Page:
ELLIJAY, Ga. – Gilmer County is not taking the final month of 2019 easy as published agendas for next week highlight action to be taken on the possibility of a TSPLOST (Transportation Special Purpose Local Option Sales Tax) in Gilmer alongside other issues with board and authority appointments, a leftover concrete bid not awarded in November, updates on the 2020 Road Paving List, and 10 zoning requests among other items on the long agenda.
As stated in previous months and special called meetings, the TSPLOST proposal will be a five-year tax similar to SPLOST. However, the TSPLOST will be dedicated to Gilmer transportation needs specifically. This could be usable for equipment purchases, paving, maintenance, and even road crew salary.
Although support was high in the Roads and Bridges Town Hall meetings, others are voicing concerns over another tax added to the county. As opposed to additional millage on property taxes, this TSPLOST would be another one-cent tax added to purchases in the county.
Discussion will be held at both meetings along with opportunities during the “Citizens Wishing to Speak” sections of those meetings. The work session will be held Wednesday, December 11 at 9 a.m., and the regular meeting will be held Thursday, December 12 at 6 p.m.
Along the same topic of roads, the commissioners are set to discuss next year’s paving plans including the 2020 Road Paving list, setting exactly which roads will be covered under the LMIG (Local Maintenance Improvement Grant) and county funding for the year.
Additionally, the monthly update and discussion on the county pool could highlight costs as the county is pursuing bids for demolition of the old pool and preparation for its use as the new pool’s location.
ELLIJAY, Ga. – The final months of the year are seeing the Board of Commissioners approving items to begin the new year without seeing delays, from budgets and bids approved to TSPLOST talks, the board is already gearing up for changes and issues to be addressed.
Some of those details came through the county’s November meeting as it approved bids for materials and appointed board members.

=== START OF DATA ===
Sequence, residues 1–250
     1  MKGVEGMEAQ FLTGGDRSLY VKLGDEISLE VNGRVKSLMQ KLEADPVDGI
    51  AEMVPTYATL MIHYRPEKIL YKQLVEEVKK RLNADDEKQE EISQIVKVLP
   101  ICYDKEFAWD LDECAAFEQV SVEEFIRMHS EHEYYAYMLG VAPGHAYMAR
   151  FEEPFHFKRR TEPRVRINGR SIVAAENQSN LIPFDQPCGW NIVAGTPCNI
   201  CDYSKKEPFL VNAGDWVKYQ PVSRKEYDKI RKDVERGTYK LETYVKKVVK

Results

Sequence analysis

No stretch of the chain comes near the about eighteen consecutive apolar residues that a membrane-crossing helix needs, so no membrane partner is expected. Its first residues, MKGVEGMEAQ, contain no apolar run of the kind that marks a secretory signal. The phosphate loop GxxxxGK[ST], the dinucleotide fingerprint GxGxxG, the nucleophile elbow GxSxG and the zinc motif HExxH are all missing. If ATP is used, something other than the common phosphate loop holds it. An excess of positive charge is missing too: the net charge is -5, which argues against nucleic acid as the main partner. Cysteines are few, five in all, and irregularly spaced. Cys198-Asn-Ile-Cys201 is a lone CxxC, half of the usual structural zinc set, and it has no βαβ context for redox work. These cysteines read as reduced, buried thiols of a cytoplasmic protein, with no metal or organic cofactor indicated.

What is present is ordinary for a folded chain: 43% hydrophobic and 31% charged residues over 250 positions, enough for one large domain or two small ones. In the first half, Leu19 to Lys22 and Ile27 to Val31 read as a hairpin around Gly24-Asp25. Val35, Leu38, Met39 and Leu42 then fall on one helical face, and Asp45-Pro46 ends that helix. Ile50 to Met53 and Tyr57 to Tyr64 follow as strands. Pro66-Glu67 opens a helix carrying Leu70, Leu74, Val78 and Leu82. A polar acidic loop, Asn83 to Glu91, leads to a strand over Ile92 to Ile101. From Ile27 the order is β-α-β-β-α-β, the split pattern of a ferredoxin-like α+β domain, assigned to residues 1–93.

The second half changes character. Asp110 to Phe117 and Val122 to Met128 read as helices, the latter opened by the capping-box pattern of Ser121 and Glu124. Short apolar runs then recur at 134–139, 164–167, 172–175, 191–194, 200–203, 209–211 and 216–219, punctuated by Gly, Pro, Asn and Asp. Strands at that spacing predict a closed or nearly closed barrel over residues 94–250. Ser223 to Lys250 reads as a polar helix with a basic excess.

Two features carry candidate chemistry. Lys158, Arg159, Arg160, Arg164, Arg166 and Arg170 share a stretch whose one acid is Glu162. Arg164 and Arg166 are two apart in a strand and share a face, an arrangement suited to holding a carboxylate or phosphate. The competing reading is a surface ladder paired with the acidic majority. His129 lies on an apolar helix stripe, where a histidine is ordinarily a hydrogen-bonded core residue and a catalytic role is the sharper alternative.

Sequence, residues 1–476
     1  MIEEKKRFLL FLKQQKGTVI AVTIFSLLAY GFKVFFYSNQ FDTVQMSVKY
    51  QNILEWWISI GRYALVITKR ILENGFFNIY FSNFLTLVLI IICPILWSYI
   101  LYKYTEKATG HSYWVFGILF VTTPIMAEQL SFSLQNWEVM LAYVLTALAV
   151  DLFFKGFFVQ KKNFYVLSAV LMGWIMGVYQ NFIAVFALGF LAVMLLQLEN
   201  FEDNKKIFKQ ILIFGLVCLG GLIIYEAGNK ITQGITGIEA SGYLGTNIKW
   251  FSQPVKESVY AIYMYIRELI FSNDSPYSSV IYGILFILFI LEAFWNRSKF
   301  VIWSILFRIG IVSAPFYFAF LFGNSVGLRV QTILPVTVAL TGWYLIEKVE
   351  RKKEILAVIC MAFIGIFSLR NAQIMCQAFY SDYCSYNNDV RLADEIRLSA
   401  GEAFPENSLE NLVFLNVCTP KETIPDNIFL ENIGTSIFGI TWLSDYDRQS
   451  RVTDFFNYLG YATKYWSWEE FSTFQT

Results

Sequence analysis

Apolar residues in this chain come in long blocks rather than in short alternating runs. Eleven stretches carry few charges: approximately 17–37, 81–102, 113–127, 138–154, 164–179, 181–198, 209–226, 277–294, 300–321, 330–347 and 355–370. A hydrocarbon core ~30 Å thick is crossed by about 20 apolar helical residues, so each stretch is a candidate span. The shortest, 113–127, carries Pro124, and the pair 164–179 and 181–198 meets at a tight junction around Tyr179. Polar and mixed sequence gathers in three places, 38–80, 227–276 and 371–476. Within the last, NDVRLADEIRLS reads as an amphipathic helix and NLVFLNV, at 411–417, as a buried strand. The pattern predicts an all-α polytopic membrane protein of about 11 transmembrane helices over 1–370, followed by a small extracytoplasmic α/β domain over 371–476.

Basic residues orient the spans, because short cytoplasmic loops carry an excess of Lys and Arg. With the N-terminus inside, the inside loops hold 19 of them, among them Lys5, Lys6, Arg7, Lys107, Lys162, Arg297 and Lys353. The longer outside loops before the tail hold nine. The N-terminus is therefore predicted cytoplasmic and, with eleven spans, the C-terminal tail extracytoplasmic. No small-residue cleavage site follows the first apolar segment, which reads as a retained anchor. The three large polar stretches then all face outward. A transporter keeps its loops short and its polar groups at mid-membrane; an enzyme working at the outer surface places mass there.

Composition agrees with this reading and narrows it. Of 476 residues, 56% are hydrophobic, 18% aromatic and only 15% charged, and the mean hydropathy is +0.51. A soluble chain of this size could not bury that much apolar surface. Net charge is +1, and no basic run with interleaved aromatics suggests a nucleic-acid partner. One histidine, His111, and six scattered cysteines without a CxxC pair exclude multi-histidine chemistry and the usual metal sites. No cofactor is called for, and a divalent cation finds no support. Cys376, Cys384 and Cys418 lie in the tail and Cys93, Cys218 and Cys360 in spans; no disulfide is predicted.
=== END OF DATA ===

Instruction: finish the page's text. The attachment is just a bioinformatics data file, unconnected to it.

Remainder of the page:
Bid requests for the county’s material needs came sparsely as many only received one bid, and one material bid was tabled. Bids were received for stone, propane, emulsion, concrete, and
With concrete, however, some confusion came when trying to compare the two bids received, West Block Co Inc. and Wayne Davis Concrete Company. As the board members struggled to compare the two, Attorney David Clark suggested they could hold onto the bids until December’s meeting to utilize the time to better understand the two. In past years, the county had relied on explanations from Public Works Director Jim Smith, who was not available during this month’s meetings.
The second bid item accepted approved Jacob Anderson Company LLC for the demolition of two poultry houses at the Airport.
Also during the meeting, the commissioners voted to appoint Eric Irish to the EMS Region 1 Council and Maria Mullins to the Airport Advisory Board.
ELLIJAY, Ga. – Gilmer County is moving into the final stages of its budget process as official approval for the advertisement of the 2020 budget came in November.
Coming from the original proposals and requests for each department, the county has cut more than a million dollars to achieve the budget’s current form. Now, with approval to advertise, the county will look to adopt the budget in December, just in time for the start of the 2020 calendar year.
With the board now back to its original three-person format, no resurgence in the budget has come from newly elected Post Commissioner Hubert Parker who was present for most of those original budget meetings as a citizen after qualifying for the election.
November itself saw one last hurdle as the board looked for its last few cuts to balance the budget, considering a smaller contingency fund to make up the difference.
The final form is being advertised as thus:
One item not included in the budget as advertised was raised in recent talks over roads and bridges with citizens where the BOC put forth the idea of a TSPLOST for the county to answer citizen concerns over road issues.
The budget is set to advertise through the beginning of December, citizens can comment on the budget during December’s regular meetings at 9 a.m. on Wednesday, December 11, 2019, and 6 p.m. on Thursday, December 12, 2019.
ELLIJAY, Ga. – The county is moving forward with and advertisement for bids to demolish the old pool after approval this month in their work session.
Despite some slight confusion in having the entire board on the same page about using the location as the site for the coming pool, County Attorney David Clark urged the county to move forward with demolition plans for the site due to hazards and liability issues that could arise with the site.
Chairman Paris said his original understanding was that the board was very much in favor of the location.
And although Post 2 Commissioner Karleen Ferguson wanted more discussion on officially declaring the site as the definitive location of the new pool, she did agree that they should go ahead with the demolition proceedings and the vote came unanimously in favor of advertising for bids.